Five Reasons You Will Fail The Bar Exam
Your study approach can influence whether you pass or fail the bar exam. In this post, we will write about five common reasons that even the smartest students fail the bar exam!
Five Reasons You Will Fail The Bar Exam
1. You will follow a cookie cutter approach and you are not a cookie cutter student.
Maybe you never took Evidence or Criminal Procedure in law school. Perhaps you need a lot of help writing essays. Maybe you were stellar at dissecting the law but not so great at the memorizing 2,308,197 rules. Perhaps you did not do very well in law school. Maybe you are going to work full time while you study.
If you have special needs, address them up front. If you know you need help with essay writing, sign up for a course that gives a lot of essay feedback or get a tutor up front. And if you did not take Evidence in law school, don’t dedicate the two days your commercial course allots to evidence. Take a week to study it. And maybe double-up on subjects you are better at or plan on taking extra days over the weekend to learn it.
Whatever you do, if you have special challenges, don’t wait until you fail a bar exam to begin addressing them. That is not a recipe for success.
2. You will probably spend too much time on lecture, freak out three weeks before the exam, and not work on memorization until then.
This is a common reason many people fail the bar exam. Right around July 4th, we get so many calls from bar studiers. And all say the same thing. “I have spent the whole time watching lectures, which didn’t even help me. I didn’t memorize anything. And now I have 20 outlines to memorize in three weeks. What should I do?”
The best thing you can do is set up a memorization and retention schedule so you can start memorizing your bar exam outlines right off the bat. Please do not wait until July. Better yet, if you are reading this before you start studying for the bar exam, check out our tips on how to memorize your bar exam outlines.
3. You won’t focus on the highly tested topics.
If you are tempted to spend days memorizing the rule against perpetuities or mastering present and future interests, you may need to learn how to better allocate your time. For example, present and future interests will compose maybe 2-3 questions on the MBE (and this includes the RAP). Negligence will compose 12-13 questions and is highly tested on state essay exams.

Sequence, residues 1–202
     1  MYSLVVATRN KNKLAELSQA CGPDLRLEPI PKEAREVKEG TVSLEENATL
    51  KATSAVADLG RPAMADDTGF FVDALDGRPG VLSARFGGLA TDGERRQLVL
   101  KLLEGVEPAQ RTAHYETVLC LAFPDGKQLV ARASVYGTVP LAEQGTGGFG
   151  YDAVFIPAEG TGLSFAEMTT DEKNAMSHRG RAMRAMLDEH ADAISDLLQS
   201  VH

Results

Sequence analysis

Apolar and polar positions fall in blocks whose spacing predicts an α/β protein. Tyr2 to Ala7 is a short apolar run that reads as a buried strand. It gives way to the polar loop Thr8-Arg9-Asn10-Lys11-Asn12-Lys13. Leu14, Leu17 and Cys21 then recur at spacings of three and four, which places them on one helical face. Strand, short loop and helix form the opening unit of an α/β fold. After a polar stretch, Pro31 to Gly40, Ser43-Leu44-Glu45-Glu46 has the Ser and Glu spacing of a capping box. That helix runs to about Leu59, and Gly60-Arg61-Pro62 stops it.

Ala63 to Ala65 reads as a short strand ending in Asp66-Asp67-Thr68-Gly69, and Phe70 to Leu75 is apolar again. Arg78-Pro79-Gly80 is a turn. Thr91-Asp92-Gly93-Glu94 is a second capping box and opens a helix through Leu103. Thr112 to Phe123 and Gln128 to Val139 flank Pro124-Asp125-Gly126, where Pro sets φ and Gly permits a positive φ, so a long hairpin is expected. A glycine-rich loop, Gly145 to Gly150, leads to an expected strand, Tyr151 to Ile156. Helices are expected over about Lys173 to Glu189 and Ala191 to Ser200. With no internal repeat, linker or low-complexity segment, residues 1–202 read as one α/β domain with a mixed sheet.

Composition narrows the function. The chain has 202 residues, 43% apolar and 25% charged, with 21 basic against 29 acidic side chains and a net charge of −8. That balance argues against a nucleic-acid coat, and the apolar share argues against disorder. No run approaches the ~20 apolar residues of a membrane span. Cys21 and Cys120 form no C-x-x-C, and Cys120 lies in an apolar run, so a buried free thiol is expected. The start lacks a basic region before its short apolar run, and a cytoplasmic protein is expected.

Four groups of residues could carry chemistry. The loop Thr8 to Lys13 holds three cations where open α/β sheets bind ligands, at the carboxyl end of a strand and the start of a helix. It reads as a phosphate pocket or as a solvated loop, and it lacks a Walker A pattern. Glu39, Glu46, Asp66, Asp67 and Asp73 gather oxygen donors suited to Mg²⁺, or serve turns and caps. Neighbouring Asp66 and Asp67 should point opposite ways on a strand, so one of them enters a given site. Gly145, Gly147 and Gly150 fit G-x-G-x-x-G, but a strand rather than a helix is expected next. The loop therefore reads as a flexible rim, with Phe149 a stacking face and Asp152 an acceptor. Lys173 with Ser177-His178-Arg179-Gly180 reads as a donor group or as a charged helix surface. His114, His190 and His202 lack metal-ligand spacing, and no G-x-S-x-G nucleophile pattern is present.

This rule is geared to those perfectionists out there. You cannot be a perfectionist when you study for the bar exam. And before trying to learn everything make sure that you have the highly tested rules down cold!
4. You won’t use real MBE questions.
And, to be fair, this probably isn’t your fault. Most commercial courses do not provide real MBE questions. They invent their own MBE questions instead of providing released questions. Most students do not even know to ask commercial courses whether they provide real MBE questions.
The problem with this is that course-invented questions do not prepare you as well for MBE questions as the released MBE questions. Released MBE questions will be similar in format and style as the real MBE questions. And you will even see some of the same issues re-tested (albeit in a different fact pattern.) Check out our post on where to get real MBE questions here.
5. You will ignore the essay portion of the bar exam.
We cannot tell you how often we see people fail the bar exam because of this approach. Someone will be a stellar writer. They do well in law school but they do not practice at all. Why not? They worry about the multiple-choice portion of the bar exam (the “MBE”).
Many people get so worried about the MBE that all they do is practice MBE questions and obsess over the percentage of questions they answer correctly. They are in great moods when they do well on a practice set of MBE questions. And they have panic attacks when they happen not to do well. And while all of this is going on, they completely ignore the essay portion of the bar exam. They do not practice essays and barely look at their essay outlines. They convince themselves they will be able to “wing it” on the essay day.
But these students are completely blind to this one extremely important fact: If essays are your strength, you can increase your score significantly by working on this strength. With just some effort, you can maximize your essay score with comparatively little effort.
Your MBE score will improve as you put in the time. Each point you earn on the MBE is well earned. There is no shortcut. Your score will increase proportionately with the amount of time you put into it, how well you know the law, and the quality of your practice. It looks like this.
Your essay score, however, can improve substantially with some practice if you are a decent writer and you make it part of your regular study routine to review the highly tested topics and practice. If you are already a good writer, practice will increase your score dramatically.
These are the most common reasons that we see students fail the bar exam. Hopefully, by learning about them ahead of time, you can avoid falling into the same traps that a lot of students fall into.
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